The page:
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Florida Lawmakers Under Pressure To Move Forward On Gun Control Measures

MICHEL MARTIN, HOST:

Let's turn to Florida now, where the state Senate is holding a rare Saturday session. Members of the legislature are considering a number of gun and school safety measures following last month's shooting in Parkland. Sascha Cordner from member station WFSU has been following the debate in Florida and the ideas dominating the conversation.

SASCHA CORDNER, BYLINE: Lawmakers in Florida's capitol have been saying they want to pass some form of legislation since the parents and student survivors from Parkland began demanding it shortly after the shooting. Legislators have been considering whether to include things like a ban on bump stocks and raising the minimum age for a person to buy any firearm to 21. But provisions like those had one representative, Jay Fant, pointing to the Second Amendment.

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JAY FANT: This level of infringement upon our most sacred and highest regarded law is tremendously out of place. Instead, focus on the more positive pieces of the legislation proposed.

CORDNER: Like allowing designated teachers to carry firearms if they are deputized and complete law enforcement training. Incoming Florida House Speaker Jose Oliva says it's part of a school marshal program, another idea that's kept coming up during this debate.

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JOSE OLIVA: Those coaches, those teachers who threw themselves in the line of fire - if they could have had a way to defend themselves and their students, I think - I think that they would have wanted that.

CORDNER: Fant and Oliva our part of the GOP majority controlling the Florida statehouse. Among Democrats, the debate revealed opposition that goes beyond the specific provisions currently on the floor. Representative Kamia Brown is a member of the black legislative caucus.

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KAMIA BROWN: While a vast majority of our teachers are wonderful people, there could be situations where guns are actually used against minority students because a teacher says that he or she fears for her life and the safety of others. In this bill, there is no exception to the already-law "stand your ground" included. Teachers authorized to carry up under this marshal program will be able to stand their ground when they are threatened by any student - not just an active shooter - and avoid all civil and criminal liability.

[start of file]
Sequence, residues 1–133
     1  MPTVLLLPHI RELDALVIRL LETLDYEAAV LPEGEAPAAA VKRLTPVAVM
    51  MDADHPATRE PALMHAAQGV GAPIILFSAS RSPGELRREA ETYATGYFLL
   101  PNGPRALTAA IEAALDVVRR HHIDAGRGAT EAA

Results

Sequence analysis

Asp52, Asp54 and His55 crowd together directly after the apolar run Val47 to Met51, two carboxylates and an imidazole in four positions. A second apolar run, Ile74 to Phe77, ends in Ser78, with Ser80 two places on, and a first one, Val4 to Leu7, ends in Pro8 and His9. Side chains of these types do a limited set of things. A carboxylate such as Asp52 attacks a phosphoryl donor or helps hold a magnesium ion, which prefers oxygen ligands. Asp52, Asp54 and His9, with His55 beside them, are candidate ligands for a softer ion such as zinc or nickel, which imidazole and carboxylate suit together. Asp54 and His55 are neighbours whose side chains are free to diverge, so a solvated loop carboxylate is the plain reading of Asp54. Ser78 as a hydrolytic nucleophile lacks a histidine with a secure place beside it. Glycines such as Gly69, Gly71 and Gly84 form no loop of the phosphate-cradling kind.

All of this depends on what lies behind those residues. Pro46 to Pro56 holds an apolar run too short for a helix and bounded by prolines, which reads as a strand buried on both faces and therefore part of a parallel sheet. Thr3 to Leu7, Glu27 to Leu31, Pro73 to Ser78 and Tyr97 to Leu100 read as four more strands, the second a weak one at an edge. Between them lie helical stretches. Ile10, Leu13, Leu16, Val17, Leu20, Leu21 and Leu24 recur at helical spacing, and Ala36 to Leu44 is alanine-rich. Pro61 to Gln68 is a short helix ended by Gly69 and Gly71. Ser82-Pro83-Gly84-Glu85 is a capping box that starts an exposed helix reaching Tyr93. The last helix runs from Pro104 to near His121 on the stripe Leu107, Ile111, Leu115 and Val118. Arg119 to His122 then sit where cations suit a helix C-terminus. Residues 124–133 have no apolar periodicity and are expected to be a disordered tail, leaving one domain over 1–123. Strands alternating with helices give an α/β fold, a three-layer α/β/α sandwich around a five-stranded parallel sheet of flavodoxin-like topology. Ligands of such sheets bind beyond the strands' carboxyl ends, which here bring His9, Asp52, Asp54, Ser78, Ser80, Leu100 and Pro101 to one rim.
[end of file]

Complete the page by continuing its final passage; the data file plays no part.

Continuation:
CORDNER: For decades, Republican majorities in the Florida legislature have not taken up gun restrictions and have instead passed pro-gun measures like strengthening "stand your ground." But there is now more movement on toughening Florida's gun laws. Governor Rick Scott took to the House floor Thursday to urge lawmakers to pass something before the end of the 2018 legislative session.

(SOUNDBITE OF ARCHIVED RECORDING)

RICK SCOTT: As you all know, two weeks ago, Florida changed. Seventeen people in our state that didn't deserve to die died. It's horrible this would ever happen anywhere. And when you talk to the families, you just can't imagine what they're going through.

CORDNER: Representative Katie Edwards-Walpole is a Democrat. She says it's time for all sides to work past their differences.

(SOUNDBITE OF ARCHIVED RECORDING)

KATIE EDWARDS-WALPOLE: And I would just ask that going forward that those individuals who can't get with it and be a part of this bipartisan compromise and work towards a solution - get the hell out of the way.

CORDNER: And the Florida legislative session ends Friday, so lawmakers have just the coming week to find that solution.

For NPR News, I'm Sascha Cordner in Tallahassee. Transcript provided by NPR, Copyright NPR.